Earlier this year, Overwatch became the eighth title to join Activision Blizzard 's (NASDAQ: ATVI) coveted list of $1 billion franchises. Overwatch is without a doubt a runaway hit for the game maker, and I believe this franchise will be making money for Activision for a long time.
The company has big plans in consumer products and movies. As Activision Blizzard pursues these new opportunities, the game maker is looking more like the Walt Disney of video games, and Overwatch has all of the ingredients to make this vision a reality.
Overwatch is branching out to diverse revenue categories
Activision has several ways to capitalize on the growing popularity of Overwatch , which, as of the second quarter, had grown its player base beyond 30 million. The franchise gives the game maker a treasure trove of 25 diverse characters to monetize outside of gaming.
The company launched a new Consumer Products division earlier this year to broaden its reach. Activision has been launching branded accessories, such as Overwatch branded computer peripherals for gaming, in addition to collectibles and comic books based on characters in the game.
The company doesn't break out sales related to consumer products, which implies that revenue isn't very meaningful at this point. But that could change. It's not just about collectibles and comic books, either. Other initiatives, such as Activision's new Studios division -- which is tasked with the job of turning Activision's library of content into blockbuster movies -- is where I believe even more potential lies in store for Overwatch .
Overwatch has great potential in the broader world of entertainment
The Studios team is already at work on a Call of Duty film for the silver screen, which is a few years away from release. If a Call of Duty movie is successful -- and that's a big if, considering the poor track record of video game movies -- expect to hear about plans for an Overwatch cartoon or TV show.
The action-packed orientation of Overwatch 's gameplay, coupled with a jazzy presentation, make it seem like a game tailor-made for a potential TV show adaptation which could appeal to a young audience. The game has a colorful mix of 25 characters, each with their own background stories, and Blizzard has shown a commitment to regularly releasing new characters since the game was released, which is creating a growing library of Marvel-like character content over time.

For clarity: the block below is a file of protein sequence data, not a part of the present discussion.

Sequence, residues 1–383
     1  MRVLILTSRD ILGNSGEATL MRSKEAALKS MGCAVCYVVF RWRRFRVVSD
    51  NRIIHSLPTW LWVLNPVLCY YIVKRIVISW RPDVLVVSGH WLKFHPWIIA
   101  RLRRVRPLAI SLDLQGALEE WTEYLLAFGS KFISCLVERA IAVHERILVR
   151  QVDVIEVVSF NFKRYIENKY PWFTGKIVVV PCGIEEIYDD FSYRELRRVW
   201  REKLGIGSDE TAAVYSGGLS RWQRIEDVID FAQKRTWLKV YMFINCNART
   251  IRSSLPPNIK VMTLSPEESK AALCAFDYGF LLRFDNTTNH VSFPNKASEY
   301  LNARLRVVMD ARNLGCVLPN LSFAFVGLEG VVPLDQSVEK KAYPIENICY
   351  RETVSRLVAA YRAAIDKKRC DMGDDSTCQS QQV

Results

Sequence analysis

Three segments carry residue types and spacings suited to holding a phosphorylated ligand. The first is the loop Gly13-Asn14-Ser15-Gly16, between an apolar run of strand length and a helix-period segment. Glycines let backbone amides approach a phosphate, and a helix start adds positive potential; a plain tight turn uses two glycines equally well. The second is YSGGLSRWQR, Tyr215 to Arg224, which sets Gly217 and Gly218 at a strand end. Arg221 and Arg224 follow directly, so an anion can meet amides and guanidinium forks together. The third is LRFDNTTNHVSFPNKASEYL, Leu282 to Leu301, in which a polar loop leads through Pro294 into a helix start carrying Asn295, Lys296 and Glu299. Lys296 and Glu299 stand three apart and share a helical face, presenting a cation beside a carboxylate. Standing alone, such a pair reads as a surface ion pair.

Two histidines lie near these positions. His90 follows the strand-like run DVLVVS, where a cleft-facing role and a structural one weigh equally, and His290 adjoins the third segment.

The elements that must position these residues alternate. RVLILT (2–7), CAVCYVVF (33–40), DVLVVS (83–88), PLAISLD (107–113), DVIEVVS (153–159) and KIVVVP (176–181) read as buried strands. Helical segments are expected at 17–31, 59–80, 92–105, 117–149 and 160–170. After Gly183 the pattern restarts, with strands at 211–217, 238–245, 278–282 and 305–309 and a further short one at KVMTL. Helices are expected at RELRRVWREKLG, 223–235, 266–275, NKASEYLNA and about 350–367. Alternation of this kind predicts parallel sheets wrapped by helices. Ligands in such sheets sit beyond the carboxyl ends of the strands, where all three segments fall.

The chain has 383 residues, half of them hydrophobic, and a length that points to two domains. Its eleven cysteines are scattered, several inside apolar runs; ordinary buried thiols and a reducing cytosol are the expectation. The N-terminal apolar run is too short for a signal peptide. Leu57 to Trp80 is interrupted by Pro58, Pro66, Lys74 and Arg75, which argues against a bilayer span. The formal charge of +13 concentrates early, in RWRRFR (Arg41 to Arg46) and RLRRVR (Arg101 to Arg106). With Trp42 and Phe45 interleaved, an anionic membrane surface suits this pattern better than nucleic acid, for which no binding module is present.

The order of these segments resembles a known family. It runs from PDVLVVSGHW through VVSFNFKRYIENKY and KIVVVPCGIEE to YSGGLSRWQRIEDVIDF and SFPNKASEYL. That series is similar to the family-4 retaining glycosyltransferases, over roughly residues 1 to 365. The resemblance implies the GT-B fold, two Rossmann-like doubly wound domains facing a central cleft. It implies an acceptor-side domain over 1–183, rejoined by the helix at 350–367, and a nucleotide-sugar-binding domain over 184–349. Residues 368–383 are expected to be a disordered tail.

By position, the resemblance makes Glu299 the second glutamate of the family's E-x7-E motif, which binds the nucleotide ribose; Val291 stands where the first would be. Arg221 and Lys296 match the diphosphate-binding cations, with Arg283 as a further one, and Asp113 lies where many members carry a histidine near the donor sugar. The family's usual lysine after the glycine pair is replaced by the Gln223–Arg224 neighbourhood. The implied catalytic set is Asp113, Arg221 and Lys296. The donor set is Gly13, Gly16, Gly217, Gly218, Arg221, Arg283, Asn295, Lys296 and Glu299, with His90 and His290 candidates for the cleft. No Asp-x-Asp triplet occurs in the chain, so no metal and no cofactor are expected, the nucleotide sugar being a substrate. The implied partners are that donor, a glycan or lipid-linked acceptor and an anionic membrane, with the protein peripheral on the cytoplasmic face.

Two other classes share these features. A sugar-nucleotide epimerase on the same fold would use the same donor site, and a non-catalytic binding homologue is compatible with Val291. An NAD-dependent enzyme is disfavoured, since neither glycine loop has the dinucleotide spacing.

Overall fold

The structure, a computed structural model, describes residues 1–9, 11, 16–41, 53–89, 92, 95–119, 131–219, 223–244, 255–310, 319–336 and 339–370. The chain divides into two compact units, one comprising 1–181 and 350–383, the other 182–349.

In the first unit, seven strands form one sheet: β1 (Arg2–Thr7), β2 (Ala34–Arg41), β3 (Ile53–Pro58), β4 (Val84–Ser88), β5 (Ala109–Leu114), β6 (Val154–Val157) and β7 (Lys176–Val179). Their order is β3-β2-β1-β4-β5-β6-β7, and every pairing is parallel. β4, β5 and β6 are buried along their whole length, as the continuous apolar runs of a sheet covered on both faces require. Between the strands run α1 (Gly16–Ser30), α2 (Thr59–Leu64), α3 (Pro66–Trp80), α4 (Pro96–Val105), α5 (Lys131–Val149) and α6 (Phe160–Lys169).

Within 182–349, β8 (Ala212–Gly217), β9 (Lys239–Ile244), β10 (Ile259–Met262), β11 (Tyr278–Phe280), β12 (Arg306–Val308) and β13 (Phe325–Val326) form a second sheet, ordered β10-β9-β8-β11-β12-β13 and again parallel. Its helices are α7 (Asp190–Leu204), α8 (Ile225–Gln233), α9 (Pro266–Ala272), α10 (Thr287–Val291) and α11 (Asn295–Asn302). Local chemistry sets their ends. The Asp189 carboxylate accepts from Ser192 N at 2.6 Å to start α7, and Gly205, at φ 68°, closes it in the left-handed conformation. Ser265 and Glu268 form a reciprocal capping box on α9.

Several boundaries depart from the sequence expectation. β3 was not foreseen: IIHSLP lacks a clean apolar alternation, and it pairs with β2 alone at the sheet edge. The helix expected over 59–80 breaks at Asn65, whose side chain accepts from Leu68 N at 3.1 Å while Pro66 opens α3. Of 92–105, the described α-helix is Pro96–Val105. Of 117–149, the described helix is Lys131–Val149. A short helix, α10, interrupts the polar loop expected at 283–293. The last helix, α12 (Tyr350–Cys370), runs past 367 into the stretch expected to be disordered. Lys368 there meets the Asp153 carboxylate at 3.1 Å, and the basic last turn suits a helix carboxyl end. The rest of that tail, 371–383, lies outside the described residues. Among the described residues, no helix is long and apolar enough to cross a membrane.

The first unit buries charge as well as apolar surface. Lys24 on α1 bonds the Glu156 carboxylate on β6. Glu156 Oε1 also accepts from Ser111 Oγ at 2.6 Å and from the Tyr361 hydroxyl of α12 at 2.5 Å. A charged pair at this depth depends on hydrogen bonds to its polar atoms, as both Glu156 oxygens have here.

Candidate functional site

Another trait for Overwatch that could make it very successful as a movie or TV show is its universal appeal, something that was obviously part of the game's design. This is evident in the ethnic diversity of the characters, and the game's setting across exotic locales around the world. The character roster is also well-balanced between male and female. This, combined with the playful presentation of the game may be helping more female gamers play Overwatch when they haven't historically shown nearly as much interest as males for mililtary-themed shooters. Research from Quantic Foundry found that Overwatch 's player base is 16% female, about double other first-person shooters.
The most telling sign of Activision's ambitions
Perhaps, the most telling sign of Activision's long-term goals is who the company hired to oversee its Consumer Product and Studios divisions. The head of Consumer Products is Tim Kilpin -- former executive vice president of franchise management for Walt Disney. While residing at the House of Mouse, Kilpin was in charge of global cross-category franchise plans for Disney Princess, Winnie the Pooh, Mickey Mouse, and Pixar properties.
For the Studios division, Activision hired Nick van Dyk, a longtime Disney senior executive who played an important role in Disney's acquisitions of Pixar, Marvel, and Lucasfilm.
At the time of Dyk's hiring, Activision CEO Bobby Kotick said, "We intend to approach film and television development with the same unwavering commitment to excellence we are known for in game development."
That statement makes it clear that the effort in consumer products and movies is much more than a sideshow to Kotick. These initiatives are clearly seen by him as genuine long-term growth opportunities that can be significant contributors to Activision's annual revenue.
Kotick is one of the industry's most visionary minds. His track record speaks for itself -- 400 million monthly active users in the most recent quarter and eight games with $1 billion in life-to-date sales. All of that has translated to handsome gains for longtime shareholders. So when Kotick speaks about the future of the company, it usually pays to listen.
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